The Cut-Up technique- in which words, or fragments of ideas are combined in random combinations- has a long artistic tradition. It is popularly associated with William Burroughs (although it can be traced to the Dadaist artistic movement, who used surprise, shock and absurdity to confront the audience in new and often frightening ways).
The cut-up and the ‘fold-in’ are the two most famous techniques:
- ‘Cut-up’ is a technique in which the person uses a finished (and linear) text and cuts it in pieces with a few or single words on each piece. The resulting pieces are then rearranged into a new text.
- ‘Fold-in’ is the technique of taking two sheets of linear text, folding each sheet in half vertically and combining with the other, then reading across the resulting page. This is the technique most associate with Burroughs.
But it is not a technique purely limited to prose. David Bowie used the ‘cut up’ technique in his lyrics, to find hidden depths and outcomes in his work, as he explained here-
In his words, this technique serves to ‘Ignite anything that might be in [the] imagination’ and therefore ‘come up with very interesting attitudes to look into.’
Bowie‘s content was often drawn from his diaries, which he cut up and re-arranged have a fresh way to ‘look at things he had done where he was going’. In his words ‘a lot of the things [he] had done would predict what would happen in the future.’ He saw the technique as a kind of contemporary Tarot.
It was in fact a technique he also used in a musical sense. In his famous collaborations with Brian Eno musicians were given random instructions on cards (e.g. ‘Do something boring,’) and the results were recorded.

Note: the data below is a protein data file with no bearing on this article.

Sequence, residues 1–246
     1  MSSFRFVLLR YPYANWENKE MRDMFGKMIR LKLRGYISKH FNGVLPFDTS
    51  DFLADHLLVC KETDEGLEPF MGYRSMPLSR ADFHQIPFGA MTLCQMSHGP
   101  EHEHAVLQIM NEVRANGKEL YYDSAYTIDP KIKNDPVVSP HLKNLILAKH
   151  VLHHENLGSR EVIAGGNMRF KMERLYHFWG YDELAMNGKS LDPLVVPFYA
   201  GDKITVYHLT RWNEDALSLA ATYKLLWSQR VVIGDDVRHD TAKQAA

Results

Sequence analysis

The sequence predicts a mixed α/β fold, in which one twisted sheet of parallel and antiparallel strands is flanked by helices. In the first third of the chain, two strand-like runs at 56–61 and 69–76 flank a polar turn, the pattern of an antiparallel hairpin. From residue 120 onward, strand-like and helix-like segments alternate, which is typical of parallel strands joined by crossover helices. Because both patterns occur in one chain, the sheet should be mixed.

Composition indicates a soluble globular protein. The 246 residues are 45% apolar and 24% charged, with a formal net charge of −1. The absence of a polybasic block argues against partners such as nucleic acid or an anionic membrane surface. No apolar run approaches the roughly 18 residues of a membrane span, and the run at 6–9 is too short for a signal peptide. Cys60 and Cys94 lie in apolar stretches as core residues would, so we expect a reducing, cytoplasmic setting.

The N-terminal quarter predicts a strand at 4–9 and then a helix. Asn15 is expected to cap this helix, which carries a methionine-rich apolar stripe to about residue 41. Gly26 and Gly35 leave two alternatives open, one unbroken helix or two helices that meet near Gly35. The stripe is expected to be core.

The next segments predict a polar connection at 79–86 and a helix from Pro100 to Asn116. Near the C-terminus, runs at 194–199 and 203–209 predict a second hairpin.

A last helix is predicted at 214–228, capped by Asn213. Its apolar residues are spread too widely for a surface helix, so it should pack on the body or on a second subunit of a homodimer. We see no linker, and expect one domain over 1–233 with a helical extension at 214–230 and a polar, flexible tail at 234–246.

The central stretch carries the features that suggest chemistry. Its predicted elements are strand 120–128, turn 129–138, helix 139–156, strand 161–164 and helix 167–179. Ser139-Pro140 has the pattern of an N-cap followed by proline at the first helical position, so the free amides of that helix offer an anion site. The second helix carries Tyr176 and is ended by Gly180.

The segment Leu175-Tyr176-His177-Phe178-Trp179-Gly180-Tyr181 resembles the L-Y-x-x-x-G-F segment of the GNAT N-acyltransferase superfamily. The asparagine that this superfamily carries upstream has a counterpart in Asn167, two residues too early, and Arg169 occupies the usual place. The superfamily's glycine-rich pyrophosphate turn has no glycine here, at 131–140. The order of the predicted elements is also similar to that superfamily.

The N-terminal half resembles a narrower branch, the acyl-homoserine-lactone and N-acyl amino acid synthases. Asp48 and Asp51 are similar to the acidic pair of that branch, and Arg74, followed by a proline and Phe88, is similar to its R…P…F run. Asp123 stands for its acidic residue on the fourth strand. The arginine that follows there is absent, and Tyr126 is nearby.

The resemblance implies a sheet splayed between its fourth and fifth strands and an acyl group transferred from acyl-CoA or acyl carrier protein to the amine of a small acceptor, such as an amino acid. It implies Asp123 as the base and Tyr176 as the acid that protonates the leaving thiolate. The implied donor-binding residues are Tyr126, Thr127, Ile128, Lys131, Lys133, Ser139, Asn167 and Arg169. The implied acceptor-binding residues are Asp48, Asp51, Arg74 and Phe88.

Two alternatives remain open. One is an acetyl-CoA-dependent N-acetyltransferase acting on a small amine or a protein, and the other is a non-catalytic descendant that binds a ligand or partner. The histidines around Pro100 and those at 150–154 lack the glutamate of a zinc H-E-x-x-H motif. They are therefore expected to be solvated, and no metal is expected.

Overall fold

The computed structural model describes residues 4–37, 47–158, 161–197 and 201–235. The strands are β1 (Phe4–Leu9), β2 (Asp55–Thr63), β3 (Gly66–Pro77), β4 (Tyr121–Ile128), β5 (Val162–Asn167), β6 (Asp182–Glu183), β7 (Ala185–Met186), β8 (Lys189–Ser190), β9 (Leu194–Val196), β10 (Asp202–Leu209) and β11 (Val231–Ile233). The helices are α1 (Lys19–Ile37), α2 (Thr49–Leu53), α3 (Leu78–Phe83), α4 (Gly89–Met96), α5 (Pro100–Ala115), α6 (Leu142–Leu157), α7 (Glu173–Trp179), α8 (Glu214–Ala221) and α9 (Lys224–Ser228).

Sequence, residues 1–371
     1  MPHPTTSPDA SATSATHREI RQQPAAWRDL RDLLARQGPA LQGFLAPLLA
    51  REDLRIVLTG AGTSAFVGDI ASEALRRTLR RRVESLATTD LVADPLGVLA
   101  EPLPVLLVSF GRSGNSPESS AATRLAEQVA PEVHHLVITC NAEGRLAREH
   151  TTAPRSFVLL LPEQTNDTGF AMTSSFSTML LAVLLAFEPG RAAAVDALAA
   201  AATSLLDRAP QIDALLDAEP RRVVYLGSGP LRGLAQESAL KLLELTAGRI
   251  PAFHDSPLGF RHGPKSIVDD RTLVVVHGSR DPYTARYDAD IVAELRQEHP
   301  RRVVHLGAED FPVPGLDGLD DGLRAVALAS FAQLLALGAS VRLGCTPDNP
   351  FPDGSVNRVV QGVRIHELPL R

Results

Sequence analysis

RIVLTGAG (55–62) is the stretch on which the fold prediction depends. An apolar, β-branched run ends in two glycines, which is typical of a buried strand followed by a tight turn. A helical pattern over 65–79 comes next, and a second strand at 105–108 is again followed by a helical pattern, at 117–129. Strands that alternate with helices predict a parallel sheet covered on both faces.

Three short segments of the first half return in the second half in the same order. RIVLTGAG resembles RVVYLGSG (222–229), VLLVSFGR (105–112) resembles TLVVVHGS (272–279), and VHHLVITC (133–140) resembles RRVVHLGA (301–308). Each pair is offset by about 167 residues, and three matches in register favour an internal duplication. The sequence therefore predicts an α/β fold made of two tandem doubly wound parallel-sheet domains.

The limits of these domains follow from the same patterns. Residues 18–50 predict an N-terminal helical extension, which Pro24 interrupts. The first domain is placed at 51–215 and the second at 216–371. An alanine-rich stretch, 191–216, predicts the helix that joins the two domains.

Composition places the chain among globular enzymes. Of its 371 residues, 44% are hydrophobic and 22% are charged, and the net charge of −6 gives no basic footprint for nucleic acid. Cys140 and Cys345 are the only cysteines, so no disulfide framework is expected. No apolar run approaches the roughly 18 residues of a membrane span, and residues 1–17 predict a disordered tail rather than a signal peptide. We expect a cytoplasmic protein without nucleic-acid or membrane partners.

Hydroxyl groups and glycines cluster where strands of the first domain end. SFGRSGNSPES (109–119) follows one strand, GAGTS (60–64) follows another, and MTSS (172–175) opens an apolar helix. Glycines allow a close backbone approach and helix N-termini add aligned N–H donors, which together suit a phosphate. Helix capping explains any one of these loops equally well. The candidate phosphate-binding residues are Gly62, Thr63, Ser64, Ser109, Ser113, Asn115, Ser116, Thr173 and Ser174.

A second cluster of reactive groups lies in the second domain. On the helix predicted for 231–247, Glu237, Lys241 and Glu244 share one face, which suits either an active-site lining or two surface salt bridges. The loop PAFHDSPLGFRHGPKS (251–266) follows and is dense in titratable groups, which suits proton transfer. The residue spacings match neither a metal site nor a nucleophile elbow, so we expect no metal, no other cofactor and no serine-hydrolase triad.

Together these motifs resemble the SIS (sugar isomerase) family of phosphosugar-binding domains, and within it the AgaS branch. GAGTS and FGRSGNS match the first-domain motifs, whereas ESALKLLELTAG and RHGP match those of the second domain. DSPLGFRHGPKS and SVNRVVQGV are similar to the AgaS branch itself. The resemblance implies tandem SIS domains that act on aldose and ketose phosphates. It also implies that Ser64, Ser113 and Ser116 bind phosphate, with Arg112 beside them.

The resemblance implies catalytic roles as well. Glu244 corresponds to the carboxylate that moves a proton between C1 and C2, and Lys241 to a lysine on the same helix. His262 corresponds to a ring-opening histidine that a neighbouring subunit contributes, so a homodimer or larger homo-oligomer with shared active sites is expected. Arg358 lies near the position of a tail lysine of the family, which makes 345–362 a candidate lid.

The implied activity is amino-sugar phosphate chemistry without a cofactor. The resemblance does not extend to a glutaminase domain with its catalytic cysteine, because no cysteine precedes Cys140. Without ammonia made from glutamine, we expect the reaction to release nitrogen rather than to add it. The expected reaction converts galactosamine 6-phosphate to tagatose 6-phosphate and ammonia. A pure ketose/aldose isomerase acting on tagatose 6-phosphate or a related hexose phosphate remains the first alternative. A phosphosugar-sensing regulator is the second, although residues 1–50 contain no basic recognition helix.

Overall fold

During the production of Bowie’s 1995 album Outside, Bowie used a sentence randomiser app that he designed purely for writing the album’s lyrics, as he discusses here –
In his words it was ‘a program that I’ve developed with a friend of mine from San Francisco, and it’s called the Verbasizer.’
He said he would ‘take a sentence, and…divide it up between the columns, and then when [he] got say, three or four or five—sometimes as many as 20, 25 different sentences going across here, then [he’] set it to randomise. And it’d take those 20 sentences and cut in between them all the time, picking out, choosing different words from different columns, and from different rows of sentences. So what you end up with is a real kaleidoscope of meanings and topic and nouns and verbs all sort of slamming into each other.’
An excerpt of his famous song ‘Hallo Spaceboy’, off Bowie’s 1995 album Outside, is said to have been mostly written with and inspired by the output of a piece of custom-made text randomisation software-
You’re sleepy now
Your silhouette is so stationary
You’re released but your custody calls’
As Bowie acknowledged, you don’t have to stick to the outcome that a random program offers. He talked of ‘imbuing’ the outcome with emotions to enhance it’ and added- ‘The key is there is something new and fresh and unexpected to respond to.’
I think these techniques have real merit, for finding hidden depths in our ideas. But they beg the question- who writes the story? Is it us, the author, or is it fate?
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